Study finds many low-income families depend on tax credit program

The federal government's Earned Income Tax Credit (EITC) is designed to be a short-term safety net, but many participants return to the program time after time, says a new study co-authored by a Ball State University economist.

The research by Ball State economics professor John Horowitz and Tim Dowd, a member of the Joint Committee on Taxation, found about half of taxpayers with children at some point over the 18-year period of the study claimed the credit.

The pair also discovered that more than 60 percent of EITC recipients claimed the credit for two years or less, but 20 percent are on the program for five or more years. The average length for families on the EITC is almost 5.3 years.

"For some taxpayers, the EITC acts as a temporary safety net during periods of income or structure changes such as the birth of a child, losses in employment or divorces," Horowitz said. "But the EITC also acts as a long-term mechanism of providing assistance to taxpayers with children who receive the EITC for long periods of time, and for multiple spells, cycling on and off the EITC."

The findings are in the report "Income Mobility and the Earned Income Tax Credit: Short-Term Safety Net or Long-Term Income Support" published in the September issue of Public Finance Review. The authors used federal tax returns to analyze usage and participation patterns involving EITC during 1989–2006.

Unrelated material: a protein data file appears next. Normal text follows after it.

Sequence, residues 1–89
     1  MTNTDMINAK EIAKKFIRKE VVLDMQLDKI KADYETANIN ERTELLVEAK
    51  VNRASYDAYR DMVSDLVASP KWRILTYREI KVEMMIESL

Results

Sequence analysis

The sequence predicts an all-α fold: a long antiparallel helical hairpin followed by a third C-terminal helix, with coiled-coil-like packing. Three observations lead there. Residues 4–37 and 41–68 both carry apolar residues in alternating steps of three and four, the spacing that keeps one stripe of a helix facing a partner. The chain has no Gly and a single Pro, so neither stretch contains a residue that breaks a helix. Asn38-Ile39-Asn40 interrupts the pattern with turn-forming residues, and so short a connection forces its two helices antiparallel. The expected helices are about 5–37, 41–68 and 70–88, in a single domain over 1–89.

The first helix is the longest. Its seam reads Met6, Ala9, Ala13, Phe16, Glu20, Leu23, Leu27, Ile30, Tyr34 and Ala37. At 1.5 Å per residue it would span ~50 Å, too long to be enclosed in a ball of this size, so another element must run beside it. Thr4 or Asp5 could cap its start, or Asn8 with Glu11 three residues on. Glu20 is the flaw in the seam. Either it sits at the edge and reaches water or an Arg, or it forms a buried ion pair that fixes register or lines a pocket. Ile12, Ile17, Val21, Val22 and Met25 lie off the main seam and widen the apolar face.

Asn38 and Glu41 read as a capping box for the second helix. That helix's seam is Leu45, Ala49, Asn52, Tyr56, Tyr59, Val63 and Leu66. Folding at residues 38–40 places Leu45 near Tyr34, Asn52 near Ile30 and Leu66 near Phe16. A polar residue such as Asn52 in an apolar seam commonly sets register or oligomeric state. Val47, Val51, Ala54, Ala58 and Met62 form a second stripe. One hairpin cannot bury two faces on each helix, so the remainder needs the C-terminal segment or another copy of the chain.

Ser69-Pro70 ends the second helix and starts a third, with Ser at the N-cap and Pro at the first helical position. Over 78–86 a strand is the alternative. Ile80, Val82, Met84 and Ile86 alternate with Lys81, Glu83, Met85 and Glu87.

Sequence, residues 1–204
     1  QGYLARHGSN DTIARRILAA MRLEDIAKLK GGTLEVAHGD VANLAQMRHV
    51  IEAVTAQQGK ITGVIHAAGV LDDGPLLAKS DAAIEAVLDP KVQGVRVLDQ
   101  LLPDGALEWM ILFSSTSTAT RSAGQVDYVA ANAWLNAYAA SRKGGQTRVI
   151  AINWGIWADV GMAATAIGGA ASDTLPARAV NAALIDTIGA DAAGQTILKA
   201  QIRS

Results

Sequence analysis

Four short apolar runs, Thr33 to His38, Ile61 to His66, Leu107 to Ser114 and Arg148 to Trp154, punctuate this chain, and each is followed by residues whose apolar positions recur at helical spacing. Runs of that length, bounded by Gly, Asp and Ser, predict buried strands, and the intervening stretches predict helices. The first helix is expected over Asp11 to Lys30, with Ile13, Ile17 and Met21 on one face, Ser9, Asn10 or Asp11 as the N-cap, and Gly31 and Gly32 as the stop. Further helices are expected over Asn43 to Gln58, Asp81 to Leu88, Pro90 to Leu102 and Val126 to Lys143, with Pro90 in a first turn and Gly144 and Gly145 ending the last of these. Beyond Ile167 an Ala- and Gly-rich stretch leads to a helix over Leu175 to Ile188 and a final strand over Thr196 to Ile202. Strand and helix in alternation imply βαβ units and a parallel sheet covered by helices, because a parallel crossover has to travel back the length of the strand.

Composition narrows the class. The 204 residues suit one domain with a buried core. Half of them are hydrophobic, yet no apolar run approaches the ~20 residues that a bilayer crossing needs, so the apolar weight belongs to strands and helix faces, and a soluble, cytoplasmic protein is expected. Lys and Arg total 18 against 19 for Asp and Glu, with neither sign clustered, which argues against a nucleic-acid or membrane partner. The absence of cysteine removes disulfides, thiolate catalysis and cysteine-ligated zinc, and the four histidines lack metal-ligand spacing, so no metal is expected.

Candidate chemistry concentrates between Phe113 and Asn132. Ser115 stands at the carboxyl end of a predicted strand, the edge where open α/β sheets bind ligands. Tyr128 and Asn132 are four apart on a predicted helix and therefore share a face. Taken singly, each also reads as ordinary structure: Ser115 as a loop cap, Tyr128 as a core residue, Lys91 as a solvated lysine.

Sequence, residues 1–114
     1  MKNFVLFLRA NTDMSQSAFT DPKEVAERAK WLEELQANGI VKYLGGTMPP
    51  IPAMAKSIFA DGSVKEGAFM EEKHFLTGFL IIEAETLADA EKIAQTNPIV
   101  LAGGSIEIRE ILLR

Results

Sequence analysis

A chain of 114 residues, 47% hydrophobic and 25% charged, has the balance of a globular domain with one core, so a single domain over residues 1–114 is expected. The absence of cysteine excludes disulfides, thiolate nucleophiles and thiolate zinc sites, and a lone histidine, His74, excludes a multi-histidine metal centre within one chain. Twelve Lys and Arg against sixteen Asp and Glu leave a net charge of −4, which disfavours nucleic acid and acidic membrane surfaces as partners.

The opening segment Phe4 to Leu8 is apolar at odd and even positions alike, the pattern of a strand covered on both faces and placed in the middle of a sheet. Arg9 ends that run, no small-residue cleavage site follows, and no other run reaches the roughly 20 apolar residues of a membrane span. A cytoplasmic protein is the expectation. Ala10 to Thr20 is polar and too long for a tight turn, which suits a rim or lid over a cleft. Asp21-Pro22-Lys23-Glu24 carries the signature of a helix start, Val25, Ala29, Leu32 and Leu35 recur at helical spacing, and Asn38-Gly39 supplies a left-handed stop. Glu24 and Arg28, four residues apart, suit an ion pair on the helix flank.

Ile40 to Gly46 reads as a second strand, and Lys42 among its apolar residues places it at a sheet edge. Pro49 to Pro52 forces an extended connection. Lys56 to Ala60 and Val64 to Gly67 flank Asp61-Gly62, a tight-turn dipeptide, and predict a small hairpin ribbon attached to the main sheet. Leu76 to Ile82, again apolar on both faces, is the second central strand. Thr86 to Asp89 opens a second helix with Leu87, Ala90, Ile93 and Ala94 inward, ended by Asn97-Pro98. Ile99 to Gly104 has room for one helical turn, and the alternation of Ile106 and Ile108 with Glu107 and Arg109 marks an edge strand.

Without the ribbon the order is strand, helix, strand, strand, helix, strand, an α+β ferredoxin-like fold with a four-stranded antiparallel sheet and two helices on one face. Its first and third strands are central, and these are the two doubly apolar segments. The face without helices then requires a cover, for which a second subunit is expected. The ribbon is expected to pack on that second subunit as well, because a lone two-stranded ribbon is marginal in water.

EITC was enacted in 1975 and is the largest poverty reduction program in the United States. The program allows workers who earn low to middle incomes to claim a .

The study also found:

-- Families wage drop to a low in the year a baby is born and then grow thereafter. Also, because the EITC depends on the number of children, many families become eligible for the EITC when they have a newborn.
-- Single mothers with young children are more likely to use the program for a longer time than married couples with .
-- Younger families are likely to use the program for a longer time than older families.

Horowitz points out that the percentage of households that return to claiming the EITC decreases as the number of years off of the program increases. Twenty percent go back into the program after one year but that number falls to 2.3 percent after five years.


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Provided by Ball State University
Citation: Study finds many low-income families depend on tax credit program (2011, October 21) retrieved 23 May 2019 from https://phys.org/news/2011-10-low-income-families-tax-credit.html
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LVT
Oct 21, 2011
> Also, because the EITC depends on the number of children, many families become eligible for the EITC when they have a newborn.

Ah. The reward for feckless reproduction. It seems designed to produce job security for those in the poverty industry.

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